Mayor Marty Walsh is considering suing pharmaceutical companies for their role in the opioid epidemic.
Drug companies “irresponsibly saturated the market with opiates, knowingly putting consumers at risk for addiction,” Walsh’s office said in a statement.
In Boston alone, there were 207 opioid-related deaths in 2016, up from 70 in 2012, according to the Massachusetts Department of Health. Statewide, the department estimates about 2,190 Massachusetts residents died from opioid-related overdoses in 2016 — the highest number ever recorded here.
“I strongly believe that the pharmaceutical industry is the main offender and sustainer of the opioid crisis,” Walsh said in a statement. “Their distribution and marketing of narcotics is unforgivingly reckless, causing irreversible devastation to our families and significant damages to cities nationwide.”
Boston would not be the first city to seek such litigation. Quincy became the first in the state to sue pharmaceutical companies in November and other cities like Chicago, Seattle, Indianapolis and Cincinnati have all taken legal action against pharmaceutical companies.
“In Boston, we are addressing the opioid crisis from every angle, from creating the first municipal recovery office to investing in more services and building a state-of-the-art recovery facility on Long Island,” Walsh added. “Now is the time to finally hold the pharmaceutical industry responsible.”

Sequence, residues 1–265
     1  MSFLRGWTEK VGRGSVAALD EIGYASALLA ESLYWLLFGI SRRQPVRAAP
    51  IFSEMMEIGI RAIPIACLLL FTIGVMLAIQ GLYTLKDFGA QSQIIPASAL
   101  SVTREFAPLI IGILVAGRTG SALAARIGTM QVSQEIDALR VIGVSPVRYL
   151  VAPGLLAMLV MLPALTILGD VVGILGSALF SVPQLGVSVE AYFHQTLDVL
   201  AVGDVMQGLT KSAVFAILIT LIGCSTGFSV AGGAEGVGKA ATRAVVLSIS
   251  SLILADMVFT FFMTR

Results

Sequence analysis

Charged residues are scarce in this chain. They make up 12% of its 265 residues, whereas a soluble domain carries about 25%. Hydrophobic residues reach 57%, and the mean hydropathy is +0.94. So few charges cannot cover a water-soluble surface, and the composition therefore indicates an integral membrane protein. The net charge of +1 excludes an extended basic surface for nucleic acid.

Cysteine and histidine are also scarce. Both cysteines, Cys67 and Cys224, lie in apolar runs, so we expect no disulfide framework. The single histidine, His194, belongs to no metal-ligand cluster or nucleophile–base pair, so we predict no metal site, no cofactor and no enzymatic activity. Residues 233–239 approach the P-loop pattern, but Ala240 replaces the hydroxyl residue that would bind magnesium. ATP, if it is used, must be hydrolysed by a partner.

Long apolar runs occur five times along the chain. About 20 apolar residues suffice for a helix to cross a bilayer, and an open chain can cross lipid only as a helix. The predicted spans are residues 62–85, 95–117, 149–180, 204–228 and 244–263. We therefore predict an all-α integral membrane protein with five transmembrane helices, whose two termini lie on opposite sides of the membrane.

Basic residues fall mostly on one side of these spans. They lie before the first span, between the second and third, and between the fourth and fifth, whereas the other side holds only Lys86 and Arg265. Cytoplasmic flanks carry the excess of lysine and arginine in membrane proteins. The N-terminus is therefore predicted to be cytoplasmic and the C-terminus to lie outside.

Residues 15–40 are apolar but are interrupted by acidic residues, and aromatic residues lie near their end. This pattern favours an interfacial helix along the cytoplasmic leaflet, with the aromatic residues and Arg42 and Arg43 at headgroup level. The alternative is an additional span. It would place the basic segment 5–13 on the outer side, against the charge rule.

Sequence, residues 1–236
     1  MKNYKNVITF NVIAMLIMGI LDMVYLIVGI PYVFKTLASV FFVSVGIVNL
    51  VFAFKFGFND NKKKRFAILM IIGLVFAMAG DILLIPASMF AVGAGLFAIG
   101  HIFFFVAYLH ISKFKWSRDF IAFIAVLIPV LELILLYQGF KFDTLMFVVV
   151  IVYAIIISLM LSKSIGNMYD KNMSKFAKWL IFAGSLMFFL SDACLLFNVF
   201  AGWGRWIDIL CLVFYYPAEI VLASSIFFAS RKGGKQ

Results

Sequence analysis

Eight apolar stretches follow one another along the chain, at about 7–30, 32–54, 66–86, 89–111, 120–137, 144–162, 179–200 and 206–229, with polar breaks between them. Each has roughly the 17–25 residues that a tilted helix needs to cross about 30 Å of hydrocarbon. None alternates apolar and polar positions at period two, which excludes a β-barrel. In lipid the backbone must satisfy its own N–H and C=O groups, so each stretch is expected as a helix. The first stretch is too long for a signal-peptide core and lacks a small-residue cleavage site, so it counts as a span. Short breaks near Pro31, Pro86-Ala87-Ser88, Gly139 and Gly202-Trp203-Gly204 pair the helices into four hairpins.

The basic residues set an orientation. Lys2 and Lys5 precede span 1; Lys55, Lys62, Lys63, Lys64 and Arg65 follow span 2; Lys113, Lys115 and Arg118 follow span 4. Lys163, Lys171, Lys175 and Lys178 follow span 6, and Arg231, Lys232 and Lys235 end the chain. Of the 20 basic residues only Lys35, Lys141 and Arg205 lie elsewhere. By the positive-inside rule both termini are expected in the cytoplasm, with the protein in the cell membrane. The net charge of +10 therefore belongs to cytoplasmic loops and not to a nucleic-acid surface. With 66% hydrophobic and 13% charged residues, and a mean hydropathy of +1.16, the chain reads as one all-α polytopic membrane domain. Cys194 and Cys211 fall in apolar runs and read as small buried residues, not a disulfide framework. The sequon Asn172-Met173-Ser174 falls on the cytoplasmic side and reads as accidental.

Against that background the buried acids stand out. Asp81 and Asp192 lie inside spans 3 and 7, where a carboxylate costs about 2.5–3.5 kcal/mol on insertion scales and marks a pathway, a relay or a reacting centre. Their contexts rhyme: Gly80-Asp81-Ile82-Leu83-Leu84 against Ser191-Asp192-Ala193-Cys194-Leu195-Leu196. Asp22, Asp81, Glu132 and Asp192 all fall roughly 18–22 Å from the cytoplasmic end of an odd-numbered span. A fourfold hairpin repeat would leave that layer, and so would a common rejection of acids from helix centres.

Walsh established an Office of Recovery Status during his first term as mayor. This office, the first and only municipal recovery office in the nation, according to his office, studies substance abuse in the city and helps build the city’s strategies around substance use disorders, addiction and recovery.
The city has been meeting with law firms over the past few months, Walsh’s office said, to collect information in preparation for the potential litigation.
To formally start the legal process, Walsh will issue a Request for Information Monday, Feb. 5 to hear from law firms, researchers and “other interested parties that would inform the city’s approach to potential opioid litigation.”